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Syrian government, Hezbollah websites hosted in Canada, U.S., says Citizen Lab

Organizations are subject to Canadian sanctions

U of T's Ron Deibert, head of Citizen Lab, discusses websites hosted in Canada that represent groups sanctioned by the federal government. (Photo by Jon Horvatin)

The University of Toronto's Citizen Lab has found Canadian web servers are hosting websites connected to the Syrian government – including the website for Addounia TV, a television station accused of inciting violence against Syrian people.

“Our findings peel back the layers of a complex, highly nuanced, and often seamy world of web hosting,” said  Professor Ron Deibert, director of the Citizen Lab and Canada Centre for Global Security Studies at the Munk School of Global Affairs.

In a report released Nov. 17, Citizen Lab found that Canada-based servers host websites for more than a dozen ministries of the Syrian government. They also host the website for the Hezbullah media arm Al-Manar.

As the Canadian government has sanctioned all three groups, the findings raise important legal questions, said Deibert.

“That Syrian government websites, including a Syrian state-backed television station known to be inciting violence, are hosted in Canada is at minimum in contradiction to Canada’s stated foreign policy,” said Deibert, “and possibly material support to a regime that is now globally condemned for its repression and violence.”

Canada classifies Hezbollah as a terrorist organization. Canadian sanctions against the repressive Syrian government include an asset freeze and a prohibition against dealing with the regime or its supporters.

“We encourage governments, civil society, and the private sector to seriously consider how best to handle the expanding responsibilities of web hosting companies and how due process and proper accountability mechanisms can be normalized in ways that protect free speech and access to information, while avoiding support for human rights abuses and repressive regimes,” Deibert said.

Summary of Citizen Lab’s main findings:
• Websites of the Syrian government, including the Ministries of Culture,Transport, and others, are hosted on Canada-based web servers through intermediary companies, one of which, called “Platinum Incorporated,” advertises that it has co-location servers in Canada.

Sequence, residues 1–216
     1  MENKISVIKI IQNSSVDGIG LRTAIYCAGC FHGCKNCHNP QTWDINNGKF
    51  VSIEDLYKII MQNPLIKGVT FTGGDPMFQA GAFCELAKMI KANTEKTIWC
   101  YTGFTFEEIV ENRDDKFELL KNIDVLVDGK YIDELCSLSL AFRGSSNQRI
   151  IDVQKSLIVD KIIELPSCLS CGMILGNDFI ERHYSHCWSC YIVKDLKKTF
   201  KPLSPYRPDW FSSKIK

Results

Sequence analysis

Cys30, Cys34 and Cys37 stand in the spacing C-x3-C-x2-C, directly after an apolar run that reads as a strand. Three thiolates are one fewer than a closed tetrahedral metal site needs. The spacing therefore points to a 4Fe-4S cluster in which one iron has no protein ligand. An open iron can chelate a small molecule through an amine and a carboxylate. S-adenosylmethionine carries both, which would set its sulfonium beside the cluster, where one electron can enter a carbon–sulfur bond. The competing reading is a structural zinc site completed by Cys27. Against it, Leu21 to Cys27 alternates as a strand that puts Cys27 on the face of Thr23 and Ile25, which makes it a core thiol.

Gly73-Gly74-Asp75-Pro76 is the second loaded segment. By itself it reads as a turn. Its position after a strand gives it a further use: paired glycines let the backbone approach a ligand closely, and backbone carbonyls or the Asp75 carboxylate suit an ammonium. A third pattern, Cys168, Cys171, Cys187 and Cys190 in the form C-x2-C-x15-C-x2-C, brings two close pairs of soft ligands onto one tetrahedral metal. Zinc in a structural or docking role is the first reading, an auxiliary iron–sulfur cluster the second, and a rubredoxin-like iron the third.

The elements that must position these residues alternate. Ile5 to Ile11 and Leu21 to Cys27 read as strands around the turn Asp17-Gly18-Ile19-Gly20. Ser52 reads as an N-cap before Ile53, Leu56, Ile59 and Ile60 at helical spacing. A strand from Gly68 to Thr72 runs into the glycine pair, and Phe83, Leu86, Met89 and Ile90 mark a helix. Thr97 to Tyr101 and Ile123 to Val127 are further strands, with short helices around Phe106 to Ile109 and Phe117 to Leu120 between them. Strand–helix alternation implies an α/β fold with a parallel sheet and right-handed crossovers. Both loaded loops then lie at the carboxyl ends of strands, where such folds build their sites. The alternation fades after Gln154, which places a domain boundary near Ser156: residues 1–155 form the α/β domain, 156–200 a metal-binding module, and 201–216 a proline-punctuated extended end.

• The Syrian TV station Addounia TV, which is sanctioned by Canada and the European Union for inciting violence against Syrian citizens, uses Canada-based web servers to host its website.

• The website for Al-Manar -- the official media arm of the Lebanese political party, Hezbollah -- is hosted on Canada- and U.S.-based web servers and employs Canada-based web servers to stream its TV broadcast globally. Al-Manar satellite broadcasts have been banned by the US, France, Spain, and Germany as well as the European Union. The United States includes Al-Manar on its specially designated nationals list, a list of entities with which U.S. persons are generally prohibited from dealing, and the assets of which are blocked. Canada currently classifies Hezbullah as a terrorist organization.

• There are legal questions concerning the provision of web hosting services to each of these organizations. As the Syrian government, Addounia TV, and Hezbollah are all subject to Canadian sanctions, services provided by Canada-based hosting providers to these entities may fall within the scope of the sanctions.

• Any consideration of the removal of an organization’s website from web hosting services, however, must be treated as a potential infringement on freedom of speech and access to information, with due process and proper accountability mechanisms clearly articulated and followed.

The full report can be accessed here.